Growing Futures

A breeding sanctuary

Bees to combat varroa

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A breeding sanctuary

The bee breeding programme began in Hamilton, at Plant & Food Research’s Ruakura site. Over three years, forty colonies, each with about 80,000 bees, were bred; however, no information was available on whether the trait would be passed on to subsequent generations at a high enough rate to effectively combat the varroa mite.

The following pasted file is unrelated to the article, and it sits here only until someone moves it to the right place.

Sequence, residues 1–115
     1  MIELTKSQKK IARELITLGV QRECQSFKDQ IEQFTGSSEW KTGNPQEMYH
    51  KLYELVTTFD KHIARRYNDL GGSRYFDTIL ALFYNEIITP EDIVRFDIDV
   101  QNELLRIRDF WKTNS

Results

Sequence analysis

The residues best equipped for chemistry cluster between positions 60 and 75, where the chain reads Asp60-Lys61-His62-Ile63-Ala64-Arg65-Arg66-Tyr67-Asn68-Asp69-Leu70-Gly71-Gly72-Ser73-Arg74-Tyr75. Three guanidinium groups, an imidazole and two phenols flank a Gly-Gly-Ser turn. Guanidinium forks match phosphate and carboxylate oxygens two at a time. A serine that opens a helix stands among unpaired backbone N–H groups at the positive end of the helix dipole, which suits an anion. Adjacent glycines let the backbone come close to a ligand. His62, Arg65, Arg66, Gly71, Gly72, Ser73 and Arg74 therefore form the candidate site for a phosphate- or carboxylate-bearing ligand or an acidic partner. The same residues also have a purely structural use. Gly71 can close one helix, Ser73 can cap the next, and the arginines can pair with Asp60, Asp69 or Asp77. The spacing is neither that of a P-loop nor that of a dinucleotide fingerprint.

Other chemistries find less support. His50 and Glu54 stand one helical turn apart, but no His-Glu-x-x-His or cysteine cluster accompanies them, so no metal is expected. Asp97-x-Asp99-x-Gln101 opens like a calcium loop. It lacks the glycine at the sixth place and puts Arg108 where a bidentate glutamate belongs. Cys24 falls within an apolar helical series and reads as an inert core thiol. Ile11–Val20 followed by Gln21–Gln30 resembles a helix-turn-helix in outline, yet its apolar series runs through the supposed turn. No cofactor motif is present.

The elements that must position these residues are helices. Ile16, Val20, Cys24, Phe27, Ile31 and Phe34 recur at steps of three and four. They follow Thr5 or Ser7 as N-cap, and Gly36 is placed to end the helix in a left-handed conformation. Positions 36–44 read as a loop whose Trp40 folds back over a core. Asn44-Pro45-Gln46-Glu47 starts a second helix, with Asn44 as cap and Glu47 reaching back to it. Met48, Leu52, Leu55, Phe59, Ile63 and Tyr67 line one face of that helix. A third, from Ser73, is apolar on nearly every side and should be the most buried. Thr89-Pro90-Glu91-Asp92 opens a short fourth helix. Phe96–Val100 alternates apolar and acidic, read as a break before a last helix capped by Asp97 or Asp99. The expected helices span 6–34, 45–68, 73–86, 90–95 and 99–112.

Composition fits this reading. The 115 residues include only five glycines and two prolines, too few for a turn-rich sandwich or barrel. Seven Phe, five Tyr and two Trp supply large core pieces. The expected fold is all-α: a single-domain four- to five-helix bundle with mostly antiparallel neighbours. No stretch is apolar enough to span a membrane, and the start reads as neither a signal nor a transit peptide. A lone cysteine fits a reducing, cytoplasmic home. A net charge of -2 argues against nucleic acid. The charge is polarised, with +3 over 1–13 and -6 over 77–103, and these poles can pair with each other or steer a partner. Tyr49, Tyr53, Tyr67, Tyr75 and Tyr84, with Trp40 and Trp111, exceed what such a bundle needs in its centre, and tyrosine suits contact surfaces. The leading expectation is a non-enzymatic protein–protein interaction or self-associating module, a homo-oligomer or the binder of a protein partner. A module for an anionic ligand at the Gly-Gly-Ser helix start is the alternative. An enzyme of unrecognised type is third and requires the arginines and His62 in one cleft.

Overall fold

To track the long term inheritance of the VSH trait, the colonies needed to live in a place where no other bees, and therefore no varroa, would interfere. Great Mercury Island was one of the only places in New Zealand with no wild honeybees. The owners of the island, Sir Michael Fay and David Richwhite, were happy to help, and the colonies were transported to the island in 2008. The colonies with the most enduring inheritance of the trait were then used to breed new queens for introduction to commercial hives by the beekeeping industry.